Angela Davis, a well-known political activist, will visit Pomona College in April “for a week of interaction” with the community, including two public talks, according to a news release.
Davis is the author of nine books and a prominent activist for gender equality, prison reform and racial justice, according to Biography.com, and will be Pomona history department’s 2020 Ena H. Thompson Distinguished Lecturer, according to the release.
While on campus, Davis will participate in two public events, “An Evening with Angela Davis” April 7, 2020, and “Radical Agendas and Possible Futures” April 9, 2020. Details about the events and tickets will be added to Pomona’s website and the history department’s Facebook page in February.
Tomás Summers Sandoval, a Pomona history professor and this year’s Thompson lectureship coordinator, said in an email that he chose Davis because she’s “an important scholar and amazing public speaker.”
Davis has “a life story and work history that speaks to the past as much as the future,” Sandoval added.
Davis formerly taught at the Claremont Colleges, but was fired after just two semesters, according to the release. Her return to Claremont follows a history of controversy with the colleges over her ideologies and teaching contract.
And while she was on campus, administrators took significant steps to keep her visibility low, according to The New York Times.
“Arrangements have been made to minimize Miss Davis’s appearance on campus,” then-chairman of Scripps College’s board of trustees Kenneth Rhodes said in a letter, the NYT previously reported.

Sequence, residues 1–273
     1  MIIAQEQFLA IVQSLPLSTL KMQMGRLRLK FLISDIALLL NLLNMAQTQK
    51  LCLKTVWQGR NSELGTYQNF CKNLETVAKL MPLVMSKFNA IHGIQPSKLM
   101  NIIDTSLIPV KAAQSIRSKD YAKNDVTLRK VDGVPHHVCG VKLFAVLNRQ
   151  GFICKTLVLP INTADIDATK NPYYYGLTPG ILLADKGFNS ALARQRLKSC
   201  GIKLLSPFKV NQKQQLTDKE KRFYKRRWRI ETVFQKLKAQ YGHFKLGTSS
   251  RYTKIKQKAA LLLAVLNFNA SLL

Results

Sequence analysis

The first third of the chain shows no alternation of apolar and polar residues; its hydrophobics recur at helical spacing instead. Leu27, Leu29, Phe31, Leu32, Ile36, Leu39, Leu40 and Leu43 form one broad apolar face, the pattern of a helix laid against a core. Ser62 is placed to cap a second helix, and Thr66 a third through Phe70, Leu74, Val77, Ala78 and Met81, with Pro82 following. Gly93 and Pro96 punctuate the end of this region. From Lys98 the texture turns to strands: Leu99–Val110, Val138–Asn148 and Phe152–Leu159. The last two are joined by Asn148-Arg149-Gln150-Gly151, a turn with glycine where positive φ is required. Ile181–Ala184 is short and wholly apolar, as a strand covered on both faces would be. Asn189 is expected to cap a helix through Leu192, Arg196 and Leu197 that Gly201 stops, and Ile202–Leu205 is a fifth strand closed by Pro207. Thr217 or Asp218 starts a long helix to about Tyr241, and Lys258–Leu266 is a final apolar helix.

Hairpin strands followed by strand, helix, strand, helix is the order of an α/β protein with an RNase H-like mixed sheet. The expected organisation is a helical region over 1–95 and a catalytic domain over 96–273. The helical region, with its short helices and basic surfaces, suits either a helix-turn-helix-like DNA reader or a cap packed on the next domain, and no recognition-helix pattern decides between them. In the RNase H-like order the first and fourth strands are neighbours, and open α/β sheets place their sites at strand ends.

Students who attended her seminars, which administrators purposely scheduled to take place during weekends and times of low campus activity, were “sworn to secrecy” about her lectures, according to the NYT.
Only 26 students were allowed to enroll in the seminar, and the school did not disclose which weekends she would be on campus ahead of time, the NYT previously reported.
She’s returned to Claremont since her firing, however, including for a speech at Scripps College in 2016, according to previous TSL reporting.
Before her time in Claremont, Davis’ activism as a prison abolitionist led to the termination of her contract at UCLA, where she was hired to teach philosophy in 1969, the release said.
In 1970, she was placed on the FBI’s “Ten Most Wanted” list after being accused of supplying weapons used in a San Raphael, California, courtroom shootout, in which four people died. The shootout was an attempt to free radical activist George Jackson from prison, according to the History Channel.
Davis was incarcerated for 18 months but was acquitted, the news release said.
Since leaving prison, Davis has taught both in the U.S. and internationally, according to the release. She’s worked at the University of California Santa Cruz as a Distinguished Professor Emerita of History of Consciousness and Feminist Studies for the past 17 years.
Before Davis visits campus, students will have the opportunity to attend reading groups and film screenings of Davis’ work sponsored by Pomona’s history department, the release said.